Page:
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A United Airlines executive fires back at critics, dismissing social distancing on planes as 'a PR strategy,' not a safety precaution

Business Insider logo Business Insider 7/1/2020 dslotnick@businessinsider.com (David Slotnick)
a large airplane at an airport: A United Airlines Boeing 787 Dreamliner. David McNew/Getty Images © David McNew/Getty Images A United Airlines Boeing 787 Dreamliner. David McNew/Getty Images

A United Airlines executive fired back at critics on Wednesday, arguing that there was no practical need for social distancing on flights.

"Look, when it comes to blocking middle seats, that's a PR strategy," chief communications officer Josh Earnest said. "That's not a safety strategy."

Earnest, who joined United in 2018 after serving as White House press secretary under President Obama, said that other safety measures had more of an impact.

"When you're onboard the aircraft, if you're sitting in the aisle and the middle seat is empty, the person across the aisle from you is within six feet of you," he said. "The person at the window is within six feet of you. The people in the row in front of you are within six feet of you, the people in the row behind you are within six feet of you."

"If you want to stay safe on the airplane, we need to wear a mask, we need to have good air filtration, the airplane needs to be thoroughly cleaned, and we need to make sure that every stage of your journey where we can socially distance, that we're doing that," he added. "Those are all the steps that scientists have recommended that we take."

As travel demand has slowly but steadily increased in recent weeks, questions about the safety of packed airplanes have grown.


Video: Boeing begins crucial test flights for 737 MAX (Reuters)

American Airlines said last week that it would stop blocking middle seats and limiting capacity on its planes, drawing sharp criticism from Dr. Anthony Fauci, the top infectious disease expert at the National Institutes for Helath, CDC chief Dr. Robert Redfield, and Sen. Bernie Sanders.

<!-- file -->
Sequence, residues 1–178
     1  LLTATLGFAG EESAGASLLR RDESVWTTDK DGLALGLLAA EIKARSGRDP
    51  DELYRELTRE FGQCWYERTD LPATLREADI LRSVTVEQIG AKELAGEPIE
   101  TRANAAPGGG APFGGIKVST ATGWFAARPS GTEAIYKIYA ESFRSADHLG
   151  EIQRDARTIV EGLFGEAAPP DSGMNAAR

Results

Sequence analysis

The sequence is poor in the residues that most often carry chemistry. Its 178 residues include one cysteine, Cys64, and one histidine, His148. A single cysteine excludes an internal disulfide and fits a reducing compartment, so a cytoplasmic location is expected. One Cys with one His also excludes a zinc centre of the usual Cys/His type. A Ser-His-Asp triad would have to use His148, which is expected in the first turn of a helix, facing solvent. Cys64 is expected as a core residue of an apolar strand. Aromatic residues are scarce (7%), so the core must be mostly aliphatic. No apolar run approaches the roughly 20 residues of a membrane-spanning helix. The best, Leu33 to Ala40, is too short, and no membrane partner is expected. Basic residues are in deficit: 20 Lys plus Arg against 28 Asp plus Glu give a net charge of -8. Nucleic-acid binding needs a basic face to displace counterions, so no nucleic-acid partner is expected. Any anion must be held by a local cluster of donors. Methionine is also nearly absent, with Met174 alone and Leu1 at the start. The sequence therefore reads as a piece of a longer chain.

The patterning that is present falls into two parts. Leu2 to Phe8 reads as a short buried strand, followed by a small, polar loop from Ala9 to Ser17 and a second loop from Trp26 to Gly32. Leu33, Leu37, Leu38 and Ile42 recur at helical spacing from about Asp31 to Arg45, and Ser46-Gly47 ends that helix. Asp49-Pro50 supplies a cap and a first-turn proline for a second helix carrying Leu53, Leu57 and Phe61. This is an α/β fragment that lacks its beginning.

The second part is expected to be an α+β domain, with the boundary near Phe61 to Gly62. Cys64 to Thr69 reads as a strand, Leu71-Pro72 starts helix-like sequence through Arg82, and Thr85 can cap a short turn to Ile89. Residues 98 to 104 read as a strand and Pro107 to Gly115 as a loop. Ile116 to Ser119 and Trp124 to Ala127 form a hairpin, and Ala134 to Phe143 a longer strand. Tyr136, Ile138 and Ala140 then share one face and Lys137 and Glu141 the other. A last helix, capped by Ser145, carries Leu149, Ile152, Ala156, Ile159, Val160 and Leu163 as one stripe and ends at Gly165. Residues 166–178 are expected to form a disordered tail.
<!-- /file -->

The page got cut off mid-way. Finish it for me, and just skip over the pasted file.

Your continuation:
Delta, however, said that it will continue to block middle seats and limit capacity on its planes to about 60% through at least September. Southwest, JetBlue, and Alaska have also said they will continue to limit capacity in some form.

United has not blocked the seats or put any limits on capacity during the pandemic.

"Obviously, that's something that is of concern," Dr. Fauci said of full flights. "Avoiding crowds, staying distant, and when in a situation like that, wear a mask — I think in the confines of an airplane, that becomes even more problematic."

Earnest's statements came during a media briefing as United announced the addition of 25,000 flights to its schedule for August, in response to the increasing domestic travel demand.

Airlines and industry representatives, including the International Air Transport Association, have argued that social distancing on flights is not necessary due to airflow patterns on planes, High Efficiency Particulate Air filters that prevent microbes in the air from recirculating, other cleaning measures, and the use of masks.

However, as airlines try to accelerate the recovery of travel demand, some airlines are likely to use blocked seats, branded cleaning procedures, and more as a brand differentiator, according to Shashank Nigam, CEO of aviation strategy and marketing firm SimpliFlying.

Others may determine that they will be more successful selling those blocked seats instead of flying with them empty.

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